North Carolina families suddenly finding themselves without a loved one’s financial support may qualify for death benefits under workers’ comp. A workplace accident or illness that results in a death has devastating effects on an employee’s surviving spouse and children. To help alleviate some of the pain and unexpected hardship, families may file a claim for compensation.
Because an employer’s workers’ comp insurance carrier covers medical expenses resulting from workplace injuries, an individual may receive weekly benefit checks through the program. In the event that an employee dies from a work-related accident or illness, however, his or her dependents may continue receiving benefits.
North Carolina fatalities increased by 25%
According to data from the North Carolina Department of Labor, workplace accidents contributed to 53 fatalities in 2019. This represents an increase of 25% from 2011. Incidents involving falls claimed the largest amount of workplace deaths, as reported by the Triangle Business Journal.
The troubling issue, as noted by North Carolina’s DOL, is that the use of safety equipment combined with adequate training can prevent most fall-related workplace deaths. Overall, the Tarheel State’s work-related fatalities for 2019 were the decade’s highest.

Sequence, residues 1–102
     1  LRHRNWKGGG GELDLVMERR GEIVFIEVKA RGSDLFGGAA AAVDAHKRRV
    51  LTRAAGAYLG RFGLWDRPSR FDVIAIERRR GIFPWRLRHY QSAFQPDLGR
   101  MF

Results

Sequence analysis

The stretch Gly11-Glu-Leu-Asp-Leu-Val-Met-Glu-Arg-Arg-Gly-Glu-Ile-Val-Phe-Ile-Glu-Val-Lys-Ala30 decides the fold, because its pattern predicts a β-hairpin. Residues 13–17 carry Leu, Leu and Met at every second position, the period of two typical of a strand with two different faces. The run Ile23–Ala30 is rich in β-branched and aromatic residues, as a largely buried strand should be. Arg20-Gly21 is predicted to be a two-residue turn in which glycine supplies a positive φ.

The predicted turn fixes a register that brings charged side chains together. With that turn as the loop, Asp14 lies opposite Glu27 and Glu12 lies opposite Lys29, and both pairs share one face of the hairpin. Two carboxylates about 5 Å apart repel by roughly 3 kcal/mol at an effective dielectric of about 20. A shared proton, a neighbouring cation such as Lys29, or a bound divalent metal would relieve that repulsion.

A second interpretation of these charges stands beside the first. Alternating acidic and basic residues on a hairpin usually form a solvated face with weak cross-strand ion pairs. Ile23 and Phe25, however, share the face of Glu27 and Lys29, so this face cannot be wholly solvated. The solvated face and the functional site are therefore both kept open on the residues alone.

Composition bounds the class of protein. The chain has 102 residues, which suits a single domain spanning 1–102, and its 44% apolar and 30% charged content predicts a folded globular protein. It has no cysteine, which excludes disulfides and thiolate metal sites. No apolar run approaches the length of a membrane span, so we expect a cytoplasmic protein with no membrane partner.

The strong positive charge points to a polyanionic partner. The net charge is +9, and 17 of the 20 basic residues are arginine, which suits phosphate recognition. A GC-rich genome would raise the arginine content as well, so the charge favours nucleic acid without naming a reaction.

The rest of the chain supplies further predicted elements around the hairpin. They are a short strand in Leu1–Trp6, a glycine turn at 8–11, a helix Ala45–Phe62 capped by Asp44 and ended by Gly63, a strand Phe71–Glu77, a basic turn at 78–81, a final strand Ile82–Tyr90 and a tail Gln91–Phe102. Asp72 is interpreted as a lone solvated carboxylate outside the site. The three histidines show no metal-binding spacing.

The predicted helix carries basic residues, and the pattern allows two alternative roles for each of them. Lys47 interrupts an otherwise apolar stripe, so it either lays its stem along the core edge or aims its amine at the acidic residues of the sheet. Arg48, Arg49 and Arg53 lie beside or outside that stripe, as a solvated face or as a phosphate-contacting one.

Dangerous jobs result in more fatalities
Construction site employees face the highest risk of falling from heights. While an employer must provide safety harnesses and ladders, catastrophic accidents still occur. The Bureau of Labor Statistics revealed that about 21 fatalities occur for every 100,000 full-time construction employees. Not only do workers die from falling, tripping or slipping, unavoidable moving objects cause even cautious construction employees to suffer fatal injuries, as reported by CNBC.
Family members may apply for benefits
When a work-related death occurs, the employee’s qualified survivors may file a claim to receive benefits for up to 500 weeks. Depending on the number of dependent children who relied on the deceased’s income, the weekly benefit amount may split equally between them. If a spouse is the only surviving family member, he or she may also receive a one-time benefit amount up to $10,000 to cover burial expenses.